Marking a shift in the balance of power on the San Luis Obispo County Board of Supervisors, challenger Lynn Compton has upset appointed incumbent Caren Ray in the hotly contested District 4 race.
With all precincts reporting, Compton captured 53.46 percent of the vote compared to Ray’s 46.32 percent. Compton was watching the returns come in with a large group of supporters in Arroyo Grande.
“I’m pleased with the way things are going,” she said.
Ray was not available for comment.
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Compton’s election ends a race that has lasted for more than a year and attracted a record amount of campaign contributions. It featured Ray, a Democrat, against businesswoman Compton, a Republican.
Ray is often the swing vote on the Board of Supervisors between conservatives Frank Mecham and Debbie Arnold and progressives Bruce Gibson and Adam Hill. Compton’s election shifts the balance of power on the board to a conservative three-vote majority.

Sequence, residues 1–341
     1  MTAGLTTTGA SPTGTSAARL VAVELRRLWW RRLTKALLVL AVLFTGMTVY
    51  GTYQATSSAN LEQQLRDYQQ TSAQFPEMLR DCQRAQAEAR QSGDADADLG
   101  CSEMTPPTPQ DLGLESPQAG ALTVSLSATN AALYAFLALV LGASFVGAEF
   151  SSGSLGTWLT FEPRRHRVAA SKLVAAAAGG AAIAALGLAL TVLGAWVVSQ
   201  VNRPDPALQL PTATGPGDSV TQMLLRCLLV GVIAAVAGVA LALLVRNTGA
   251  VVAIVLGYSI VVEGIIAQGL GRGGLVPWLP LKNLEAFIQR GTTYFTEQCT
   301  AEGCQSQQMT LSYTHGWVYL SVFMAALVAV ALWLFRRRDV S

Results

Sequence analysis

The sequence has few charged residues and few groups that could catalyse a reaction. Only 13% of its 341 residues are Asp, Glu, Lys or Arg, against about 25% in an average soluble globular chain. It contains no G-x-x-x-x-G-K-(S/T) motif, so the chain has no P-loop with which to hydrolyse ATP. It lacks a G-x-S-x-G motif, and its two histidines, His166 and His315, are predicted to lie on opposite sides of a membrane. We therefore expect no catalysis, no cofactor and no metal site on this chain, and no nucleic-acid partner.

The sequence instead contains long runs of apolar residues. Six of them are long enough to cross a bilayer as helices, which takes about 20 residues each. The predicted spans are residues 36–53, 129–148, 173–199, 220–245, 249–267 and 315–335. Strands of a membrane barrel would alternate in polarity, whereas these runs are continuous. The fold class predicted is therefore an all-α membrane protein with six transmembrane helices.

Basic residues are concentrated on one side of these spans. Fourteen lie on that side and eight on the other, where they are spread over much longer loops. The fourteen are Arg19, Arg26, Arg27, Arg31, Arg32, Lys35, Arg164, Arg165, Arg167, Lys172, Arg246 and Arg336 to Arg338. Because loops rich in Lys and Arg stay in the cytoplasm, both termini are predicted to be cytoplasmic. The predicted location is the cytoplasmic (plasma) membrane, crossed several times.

Ray, a teacher and former Arroyo Grande City Council member, was appointed a year ago by Gov. Jerry Brown to serve out the term of Supervisor Paul Teixeira who died in office. Ray was hoping voters in the conservative-leaning district would give her a full four years in office based on her governmental experience and ability to bring balance to the Board of Supervisors.
Compton of Nipomo is co-owner with her husband of Valley Farm Supply in Santa Maria. She ran on a platform of protecting property rights and agriculture and creating jobs.
The two candidates clashed on several issues. Compton accused Ray of voting in favor of too much government regulations, which she said hurts small-business owners and economic growth.
Ray said she has adopted a balanced approach to government regulations that is intended to prevent the district from becoming overdeveloped like Bakersfield in Kern County.
An indication of the importance of the race is the large amounts of money it has attracted. It has been the most expensive supervisorial race in county history. Compton raised more than $420,000 while Ray raised more than $278,000.
Much of Compton’s financial support came from the Republican Party and agricultural interests while Ray’s support came mainly from labor unions and developers.
The District 4 supervisor district includes Arroyo Grande, Nipomo and Oceano.